Jim Russi is a talented surfer/photographer who grew up in Southern California and moved to the North Shore after graduating from the Brooks Institute of Photography. Jim creates images using natural light to produce soulful, sophisticated imagery. We spoke with Jim to learn more.
What was life like growing up?
Oh, was I supposed to grow up? Sorry, I am still working on it. But when I was younger, I used to hang out at the beach all the time. Guess I still do.
Who did you look up to and admire when you were a young man?
Greg Noll and, later, Gerry Lopez as surfers.. Dan Merkel, Larry ‘Flame” Moore and Art Brewer as my guiding lights in the surf photo area.
When did you get your first surfboard?
I was six years old and my brother Chuck was 12. We lived in Redondo Beach in 1962. He got a 9’2″ Greg Noll and I got a 6′ South Bay Surf Shop miniature longboard. I worked with my brother on his paper route and saved all my Christmas and birthday money up for two years to buy it for $36.50—brand new out of the shop. It was blue and I wish I still had it.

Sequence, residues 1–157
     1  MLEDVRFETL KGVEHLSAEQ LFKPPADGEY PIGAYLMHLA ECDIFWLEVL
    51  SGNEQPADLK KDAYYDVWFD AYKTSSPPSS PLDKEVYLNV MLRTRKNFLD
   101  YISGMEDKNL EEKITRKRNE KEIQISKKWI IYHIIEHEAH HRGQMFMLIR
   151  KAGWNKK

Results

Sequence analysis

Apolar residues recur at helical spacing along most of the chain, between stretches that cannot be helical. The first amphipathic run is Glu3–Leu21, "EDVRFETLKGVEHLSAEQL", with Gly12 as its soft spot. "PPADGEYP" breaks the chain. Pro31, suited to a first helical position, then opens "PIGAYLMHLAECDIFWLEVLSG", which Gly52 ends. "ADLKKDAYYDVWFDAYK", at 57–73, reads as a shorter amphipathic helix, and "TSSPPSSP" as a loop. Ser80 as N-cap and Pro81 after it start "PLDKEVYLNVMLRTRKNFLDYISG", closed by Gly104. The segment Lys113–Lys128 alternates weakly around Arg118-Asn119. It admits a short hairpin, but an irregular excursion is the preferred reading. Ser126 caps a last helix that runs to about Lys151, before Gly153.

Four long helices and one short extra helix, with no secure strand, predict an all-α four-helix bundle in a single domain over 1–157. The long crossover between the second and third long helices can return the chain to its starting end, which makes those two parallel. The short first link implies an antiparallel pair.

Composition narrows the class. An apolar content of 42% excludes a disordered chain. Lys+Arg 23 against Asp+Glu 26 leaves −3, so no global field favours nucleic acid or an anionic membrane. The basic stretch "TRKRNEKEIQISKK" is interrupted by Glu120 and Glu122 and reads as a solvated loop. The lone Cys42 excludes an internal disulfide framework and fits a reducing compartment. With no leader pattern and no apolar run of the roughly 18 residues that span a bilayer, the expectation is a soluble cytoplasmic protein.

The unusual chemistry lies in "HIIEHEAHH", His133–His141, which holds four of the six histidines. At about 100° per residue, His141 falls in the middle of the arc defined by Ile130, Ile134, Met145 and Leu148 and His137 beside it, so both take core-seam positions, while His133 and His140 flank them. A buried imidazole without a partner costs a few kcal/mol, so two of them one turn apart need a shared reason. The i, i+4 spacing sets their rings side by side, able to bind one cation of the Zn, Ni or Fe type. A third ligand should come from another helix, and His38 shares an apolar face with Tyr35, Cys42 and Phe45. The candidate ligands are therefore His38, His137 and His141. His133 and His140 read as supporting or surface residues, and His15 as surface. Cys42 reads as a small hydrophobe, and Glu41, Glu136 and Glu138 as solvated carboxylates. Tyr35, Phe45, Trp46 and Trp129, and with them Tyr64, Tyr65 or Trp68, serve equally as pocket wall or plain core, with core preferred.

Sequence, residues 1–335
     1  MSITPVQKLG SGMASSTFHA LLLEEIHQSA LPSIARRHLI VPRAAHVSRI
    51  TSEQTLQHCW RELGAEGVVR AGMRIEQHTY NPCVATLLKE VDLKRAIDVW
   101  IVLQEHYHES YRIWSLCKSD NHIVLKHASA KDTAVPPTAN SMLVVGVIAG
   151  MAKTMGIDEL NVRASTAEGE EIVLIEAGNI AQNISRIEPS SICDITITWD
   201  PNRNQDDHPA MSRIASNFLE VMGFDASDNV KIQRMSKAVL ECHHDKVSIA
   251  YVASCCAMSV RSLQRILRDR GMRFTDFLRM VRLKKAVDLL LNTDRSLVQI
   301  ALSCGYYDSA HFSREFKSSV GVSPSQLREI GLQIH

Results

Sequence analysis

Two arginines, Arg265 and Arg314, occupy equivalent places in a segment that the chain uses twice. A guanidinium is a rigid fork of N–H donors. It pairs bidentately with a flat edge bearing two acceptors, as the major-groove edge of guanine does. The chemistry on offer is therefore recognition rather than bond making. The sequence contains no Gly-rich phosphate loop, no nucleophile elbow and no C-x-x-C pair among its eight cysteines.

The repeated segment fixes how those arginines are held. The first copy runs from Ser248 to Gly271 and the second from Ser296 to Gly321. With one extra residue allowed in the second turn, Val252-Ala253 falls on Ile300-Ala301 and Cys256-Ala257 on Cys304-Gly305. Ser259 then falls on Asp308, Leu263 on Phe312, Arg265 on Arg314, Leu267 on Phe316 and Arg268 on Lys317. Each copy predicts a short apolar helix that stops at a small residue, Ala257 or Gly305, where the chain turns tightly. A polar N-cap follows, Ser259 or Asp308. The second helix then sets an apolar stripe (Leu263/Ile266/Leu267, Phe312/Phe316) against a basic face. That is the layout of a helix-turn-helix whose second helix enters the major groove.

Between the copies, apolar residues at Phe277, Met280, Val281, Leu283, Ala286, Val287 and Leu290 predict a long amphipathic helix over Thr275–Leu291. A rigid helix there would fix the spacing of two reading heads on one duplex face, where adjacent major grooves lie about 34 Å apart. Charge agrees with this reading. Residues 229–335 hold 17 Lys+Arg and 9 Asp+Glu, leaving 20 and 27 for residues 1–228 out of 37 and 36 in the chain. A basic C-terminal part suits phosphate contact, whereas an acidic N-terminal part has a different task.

What was the feeling you had when you first stood on a surfboard?
I actually stood on a surf mat first. Back before boogie boards, we all rode really tough air mats (4′ x 28″) made of canvas and rubber by Converse. We pumped them up rock hard and rode ‘em like surfboards.
After standing on the air mat, I knew I had to ride a real surfboard. So, I borrowed an old 10′ tanker from one of my brother’s friends at the beach one day. I guess they thought it would be funny to see “Little Jimmy” get a beating and I did not disappoint them. I made it out somehow and turned the beast around, took two or three strokes. As the board lifted, I jumped to my feet. Feeling that old log accelerate down the face, I had a moment of pure euphoria… right before I pearled up to my neck and caught the rail between the legs and everything went black. (Laughs) But I was hooked that day at six years old and have been surfing most days ever since. That was 49 years ago and I was out just this morning in front of my house riding some waves—just me and my neighbor James.